How to Cope With Sandwich Generation Stress
The sandwich generation refers to middle-aged adults, usually in their 40s and 50s, who find themselves sandwiched between the responsibilities of caring for their elderly parents and their own children. Many of us who have watched our parents get older have found that the caregiver role reverses over time, and we realize our senior parents increasingly need our support as they age.
Caring for your elderly parents – while caring for your children – while also working a full-time or part-time job – while also managing your home – can be very, very overwhelming. Caregiver burnout is widespread among the sandwich generation, so you must take time for yourself and utilize your support networks. Here are some different ways to cope compiled by our assisted living coordinators at United Methodist Communities:
Get Support – Consider UMC HomeWorks
Our UMC HomeWorks senior home care service can be very beneficial for those who live locally, especially if your elderly parents don’t live with you. A certified home health aide can visit your parents on a regular basis and assist in the following areas:
- Medication management
- Light housekeeping
Whether your elderly parents need someone to visit daily or to stop by once a week, one of our home health aides will work with you to give your parents the support and care they need in their home. This assistance can help free up some of your time while also giving you the peace of mind that comes from knowing your parents are in good hands when you can’t be there.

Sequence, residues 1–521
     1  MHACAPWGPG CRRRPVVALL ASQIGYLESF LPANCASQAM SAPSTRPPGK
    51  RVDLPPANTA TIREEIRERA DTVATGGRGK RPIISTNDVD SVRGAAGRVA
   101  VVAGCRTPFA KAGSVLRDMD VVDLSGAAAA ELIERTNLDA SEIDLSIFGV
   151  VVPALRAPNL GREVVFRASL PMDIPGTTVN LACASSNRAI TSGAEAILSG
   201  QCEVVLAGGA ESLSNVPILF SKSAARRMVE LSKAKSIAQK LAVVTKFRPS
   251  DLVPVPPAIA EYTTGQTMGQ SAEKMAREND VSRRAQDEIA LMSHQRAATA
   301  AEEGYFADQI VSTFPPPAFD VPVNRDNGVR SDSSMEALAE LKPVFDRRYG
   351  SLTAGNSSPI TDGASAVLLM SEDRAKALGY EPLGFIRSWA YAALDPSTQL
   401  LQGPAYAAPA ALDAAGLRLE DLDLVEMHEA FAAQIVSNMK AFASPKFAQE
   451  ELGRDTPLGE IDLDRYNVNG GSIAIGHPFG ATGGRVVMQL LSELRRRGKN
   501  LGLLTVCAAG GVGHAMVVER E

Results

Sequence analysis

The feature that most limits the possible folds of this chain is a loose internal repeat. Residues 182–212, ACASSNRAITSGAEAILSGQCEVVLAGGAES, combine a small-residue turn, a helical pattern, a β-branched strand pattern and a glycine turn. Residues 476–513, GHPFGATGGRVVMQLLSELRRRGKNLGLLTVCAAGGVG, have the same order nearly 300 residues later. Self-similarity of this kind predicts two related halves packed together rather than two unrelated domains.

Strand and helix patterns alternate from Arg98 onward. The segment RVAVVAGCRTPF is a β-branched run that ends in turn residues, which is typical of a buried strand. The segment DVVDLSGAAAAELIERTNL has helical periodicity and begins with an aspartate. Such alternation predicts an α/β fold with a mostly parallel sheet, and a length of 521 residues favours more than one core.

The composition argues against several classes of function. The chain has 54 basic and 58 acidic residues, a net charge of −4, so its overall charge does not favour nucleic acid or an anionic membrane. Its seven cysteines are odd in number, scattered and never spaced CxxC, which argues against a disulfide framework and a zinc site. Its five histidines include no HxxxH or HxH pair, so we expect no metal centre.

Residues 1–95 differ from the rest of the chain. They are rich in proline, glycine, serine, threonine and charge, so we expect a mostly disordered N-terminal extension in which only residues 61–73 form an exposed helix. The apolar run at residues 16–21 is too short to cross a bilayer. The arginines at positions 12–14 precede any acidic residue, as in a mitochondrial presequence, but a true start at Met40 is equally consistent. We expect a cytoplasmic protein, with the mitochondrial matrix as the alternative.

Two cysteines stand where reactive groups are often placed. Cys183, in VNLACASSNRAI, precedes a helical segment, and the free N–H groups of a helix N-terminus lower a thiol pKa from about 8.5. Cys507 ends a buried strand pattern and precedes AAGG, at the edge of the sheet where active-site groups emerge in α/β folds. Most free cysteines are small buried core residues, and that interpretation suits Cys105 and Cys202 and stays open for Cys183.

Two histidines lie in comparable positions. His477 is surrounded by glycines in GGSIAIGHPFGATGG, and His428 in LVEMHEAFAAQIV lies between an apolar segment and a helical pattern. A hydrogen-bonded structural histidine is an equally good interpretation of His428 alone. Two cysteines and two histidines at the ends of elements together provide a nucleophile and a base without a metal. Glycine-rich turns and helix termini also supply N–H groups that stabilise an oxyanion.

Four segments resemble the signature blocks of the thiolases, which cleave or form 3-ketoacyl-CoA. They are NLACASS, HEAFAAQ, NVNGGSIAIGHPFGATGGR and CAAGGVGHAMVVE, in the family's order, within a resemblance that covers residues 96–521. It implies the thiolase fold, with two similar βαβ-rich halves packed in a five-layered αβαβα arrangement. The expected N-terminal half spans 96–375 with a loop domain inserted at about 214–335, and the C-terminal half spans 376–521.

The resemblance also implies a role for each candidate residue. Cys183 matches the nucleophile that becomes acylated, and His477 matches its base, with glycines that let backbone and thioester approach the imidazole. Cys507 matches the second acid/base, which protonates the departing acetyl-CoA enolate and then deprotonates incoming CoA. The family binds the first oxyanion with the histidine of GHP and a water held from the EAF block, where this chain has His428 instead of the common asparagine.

Remember to Take Some Time for Yourself
It’s the age-old question: who takes care of the caregiver? Although it’s easier said than done, it’s important that you take some time for yourself to decompress, relax, and give yourself a chance to clear your mind. Caregiver burnout can negatively impact your physical, mental, and emotional health, and you can’t properly take care of others if you aren’t taking care of yourself.
Your Family Can Help
If you have other family members who live nearby, get together and make a schedule to ensure that everyone is pitching in equally. It’s unfair if most caregiving responsibilities fall to one person, so don’t be hesitant to ask for help and support when you need it. Some parents are reluctant to involve their children in caring for their grandparents, but once their children are adults, they should be able to share in the responsibility.
Many sandwich generation adults find that their caregiving responsibilities for their children and parents interfere with their ability to work full-time. If this is true for you, and you have a spouse who works full-time, it’s important to meet with a financial planner who can help you set budget goals. We also recommend meeting with your parents’ estate planning attorney, who can help you plan for any future care they might need, including changes in health and mobility. Be sure to check Benefits Checkup to learn if your parents qualify for any assistance programs in your area.
Live a Healthier Lifestyle
Stress can lead us to engage in unhealthy behaviors like drinking alcohol, smoking, and increasing our junk food intake. It’s critical to be mindful of your daily choices, ensure you’re drinking enough water, moderate your alcohol intake, get adequate sleep, and exercise regularly to feel your very best. When we’re healthy, hydrated, and properly nourished, we are better able to manage stress and all of the daily tasks that life throws at us.